9. deadshot2

    deadshot2 NW Quadrant WA State Well-Known Member

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    Sometimes I will load the brass several times without tumbling. I do a lot of neck sizing only on my brass with a Lee Collet Die. No lube required for this type of die so I just wipe the case down, clean the inside of the neck with an old bore brush and reload.

    When I clean/polish I use Stainless Steel pin media. If I am F/L sizing I wipe the case down well, lube, size, then put the cases "in the bath". After the bath it gets trimmed, chamfered, and deburred using an RCBS 3-way cutter. The cases I am going to neck size only, and it's "bath time" for them, I deprime first with a universal die then clean. They too go through the trimming process just so I keep all cases the same length.

    As long as the case is free of dirt and grit before it goes into the sizing die that's OK. No real requirement to tumble and polish. It is kind of neat to take a box of nice shiny reloads to the range but as Charlie Brown once said, "Sometimes it's like wetting your pants when you're wearing dark slacks. It gives you a warm feeling but nobody notices".
     
  10. Collateral

    Collateral Monmouth Member

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    I ALWAYS tumble used brass. The only reason I can see for not doing this is if you are using new from the box cases or if you have an Ultrasonic cleaner that does a reliable job (I am still experimenting with my $19.99 Harbor Freight model). I had planned to use the Ultrasonic on small batches of rifle brass that I had neck-sized. Once cleaned they would be deprimed and sent for another trip through to clean the primer pocket and more of the insde of the case.

    And I would advise that you should always tumble before depriming, unless you are using an Ultrasonic. It is possible to get a chunk of media, or some other foriegn material, stuck in the flash hole or primer pocket and the depriming pin will just push it out of the way. Unless you are depriming in a seperate step using a 'universal' depriming die, then you will be using your sizing die to do this and if your brass has not been cleaned you run the risk of allowing a piece of grit to scratch your die.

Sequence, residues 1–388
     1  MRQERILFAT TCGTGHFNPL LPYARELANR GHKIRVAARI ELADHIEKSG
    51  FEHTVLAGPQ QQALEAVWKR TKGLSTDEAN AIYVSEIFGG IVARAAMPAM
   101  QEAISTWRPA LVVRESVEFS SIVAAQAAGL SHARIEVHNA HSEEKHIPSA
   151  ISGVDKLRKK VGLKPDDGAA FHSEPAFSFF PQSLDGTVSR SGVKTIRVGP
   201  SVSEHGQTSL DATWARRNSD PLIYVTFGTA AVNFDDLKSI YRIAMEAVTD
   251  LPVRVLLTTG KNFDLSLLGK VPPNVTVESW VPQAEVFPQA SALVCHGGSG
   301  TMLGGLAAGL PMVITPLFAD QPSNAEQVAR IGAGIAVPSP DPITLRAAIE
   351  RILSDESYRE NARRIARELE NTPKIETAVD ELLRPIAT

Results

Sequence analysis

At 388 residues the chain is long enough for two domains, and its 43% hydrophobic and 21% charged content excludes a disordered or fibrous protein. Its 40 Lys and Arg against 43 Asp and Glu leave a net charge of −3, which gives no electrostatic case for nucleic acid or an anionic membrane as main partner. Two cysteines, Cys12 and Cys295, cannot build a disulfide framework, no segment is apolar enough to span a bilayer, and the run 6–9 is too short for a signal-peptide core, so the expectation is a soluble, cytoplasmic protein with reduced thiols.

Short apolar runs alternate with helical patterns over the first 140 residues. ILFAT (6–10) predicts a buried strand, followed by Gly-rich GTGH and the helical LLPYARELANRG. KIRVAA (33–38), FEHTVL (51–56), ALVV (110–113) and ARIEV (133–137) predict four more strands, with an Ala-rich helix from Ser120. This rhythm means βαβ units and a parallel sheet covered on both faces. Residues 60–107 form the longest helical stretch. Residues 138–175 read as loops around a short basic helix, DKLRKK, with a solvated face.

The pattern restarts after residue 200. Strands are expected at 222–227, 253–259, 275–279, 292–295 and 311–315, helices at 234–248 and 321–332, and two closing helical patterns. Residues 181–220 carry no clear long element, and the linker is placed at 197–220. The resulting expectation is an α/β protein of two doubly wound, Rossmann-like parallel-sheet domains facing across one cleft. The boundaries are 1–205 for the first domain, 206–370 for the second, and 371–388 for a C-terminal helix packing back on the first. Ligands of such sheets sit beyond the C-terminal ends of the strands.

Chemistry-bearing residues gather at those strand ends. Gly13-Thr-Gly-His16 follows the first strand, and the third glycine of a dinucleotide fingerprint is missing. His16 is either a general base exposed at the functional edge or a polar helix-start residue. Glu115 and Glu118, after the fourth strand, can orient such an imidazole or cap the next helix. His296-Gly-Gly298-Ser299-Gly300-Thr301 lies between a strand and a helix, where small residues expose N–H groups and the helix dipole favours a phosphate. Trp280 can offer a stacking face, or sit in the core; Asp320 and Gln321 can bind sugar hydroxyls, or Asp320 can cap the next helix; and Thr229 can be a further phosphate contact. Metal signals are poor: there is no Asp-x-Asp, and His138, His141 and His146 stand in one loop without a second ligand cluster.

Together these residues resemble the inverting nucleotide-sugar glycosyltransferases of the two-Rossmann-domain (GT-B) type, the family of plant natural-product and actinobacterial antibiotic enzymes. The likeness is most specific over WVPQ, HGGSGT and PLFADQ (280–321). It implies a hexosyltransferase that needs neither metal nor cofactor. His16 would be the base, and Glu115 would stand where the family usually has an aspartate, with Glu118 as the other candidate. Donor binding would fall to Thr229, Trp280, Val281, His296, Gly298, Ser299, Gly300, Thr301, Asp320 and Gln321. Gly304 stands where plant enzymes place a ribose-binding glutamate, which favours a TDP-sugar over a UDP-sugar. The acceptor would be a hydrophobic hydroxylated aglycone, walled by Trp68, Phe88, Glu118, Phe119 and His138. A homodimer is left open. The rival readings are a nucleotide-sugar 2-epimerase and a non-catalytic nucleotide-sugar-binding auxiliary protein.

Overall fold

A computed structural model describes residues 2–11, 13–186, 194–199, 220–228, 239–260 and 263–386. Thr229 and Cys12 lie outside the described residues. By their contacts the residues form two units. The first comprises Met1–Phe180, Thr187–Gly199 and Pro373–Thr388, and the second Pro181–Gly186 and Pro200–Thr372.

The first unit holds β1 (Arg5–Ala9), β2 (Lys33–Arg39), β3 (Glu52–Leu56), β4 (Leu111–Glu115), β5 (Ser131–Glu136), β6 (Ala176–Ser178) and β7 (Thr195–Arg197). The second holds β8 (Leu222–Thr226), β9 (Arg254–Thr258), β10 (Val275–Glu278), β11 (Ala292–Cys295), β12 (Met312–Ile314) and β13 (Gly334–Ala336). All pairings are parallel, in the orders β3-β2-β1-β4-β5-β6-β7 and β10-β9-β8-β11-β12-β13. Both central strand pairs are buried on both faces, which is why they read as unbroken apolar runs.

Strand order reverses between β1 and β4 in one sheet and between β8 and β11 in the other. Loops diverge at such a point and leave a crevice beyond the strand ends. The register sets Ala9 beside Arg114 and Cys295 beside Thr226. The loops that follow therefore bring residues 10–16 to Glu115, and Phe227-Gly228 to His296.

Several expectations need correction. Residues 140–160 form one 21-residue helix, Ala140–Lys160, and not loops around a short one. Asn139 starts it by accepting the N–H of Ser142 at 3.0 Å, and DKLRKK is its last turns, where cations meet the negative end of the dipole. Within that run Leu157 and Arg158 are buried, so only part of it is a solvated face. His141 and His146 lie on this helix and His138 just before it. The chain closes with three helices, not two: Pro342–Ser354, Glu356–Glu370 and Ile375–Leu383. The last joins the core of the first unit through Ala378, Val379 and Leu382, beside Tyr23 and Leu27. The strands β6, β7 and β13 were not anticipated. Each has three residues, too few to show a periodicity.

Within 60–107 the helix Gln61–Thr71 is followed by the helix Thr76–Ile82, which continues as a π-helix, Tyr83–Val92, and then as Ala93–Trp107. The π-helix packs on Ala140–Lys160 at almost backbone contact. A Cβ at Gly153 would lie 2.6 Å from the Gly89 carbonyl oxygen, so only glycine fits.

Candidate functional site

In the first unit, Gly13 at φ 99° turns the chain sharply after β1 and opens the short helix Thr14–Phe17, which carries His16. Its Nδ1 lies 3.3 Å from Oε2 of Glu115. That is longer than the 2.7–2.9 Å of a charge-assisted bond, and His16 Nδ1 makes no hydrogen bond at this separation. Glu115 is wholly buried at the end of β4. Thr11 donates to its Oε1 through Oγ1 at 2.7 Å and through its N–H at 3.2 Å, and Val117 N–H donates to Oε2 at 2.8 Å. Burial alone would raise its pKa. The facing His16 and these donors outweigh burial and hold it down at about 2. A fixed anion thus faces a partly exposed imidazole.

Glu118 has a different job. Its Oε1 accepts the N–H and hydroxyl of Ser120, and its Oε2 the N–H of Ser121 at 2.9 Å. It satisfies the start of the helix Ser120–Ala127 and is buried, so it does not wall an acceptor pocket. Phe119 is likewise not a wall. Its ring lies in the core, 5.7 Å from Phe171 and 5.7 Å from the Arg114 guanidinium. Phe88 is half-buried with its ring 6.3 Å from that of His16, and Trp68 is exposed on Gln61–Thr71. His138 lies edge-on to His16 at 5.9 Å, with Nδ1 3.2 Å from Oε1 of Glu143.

Because I use Hornady One-Shot on them, I also tumble my finshed .223 rounds as well as all pistol rounds (except lead, which will often have a lube coating). Although One-Shot is a 'dry lube' and many people just leave it I find that they will often look discolored or mottled and re-tumbling for a few minutes cleans them right up.
    All of the other rifle rounds are loaded in a single stage press and are lubed with regular case lube (currently RCBS).
     
  11. BigBluePup

    BigBluePup S.W. Washington New Member

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    Let's through another perspective here contrary to popular belief.

    On a instructional video I watched about making hand loads the instructor talked about NOT tumbling brass every shot.
    The chamber of a rifle is designed to take force of the brass expanding (we can all agree on that I'm sure right?)
    Now the theory behind this is that tumbling your brass every time you shoot it makes it more slippery. Now if the walls of the chamber are designed to take the load of the cartridge being forced outwards and the walls of the brass are to slick more force will be transferred into the bolt which can cause bolt flex and even signs of higher pressure when they are actually not present it's just that the BOLT is taking more then it's fair share of the load.
    And if the bolt IS actually flexing then that will affect consistency in accuracy.

    I also used to tumble mine every time until hearing this. Makes perfect sense to me.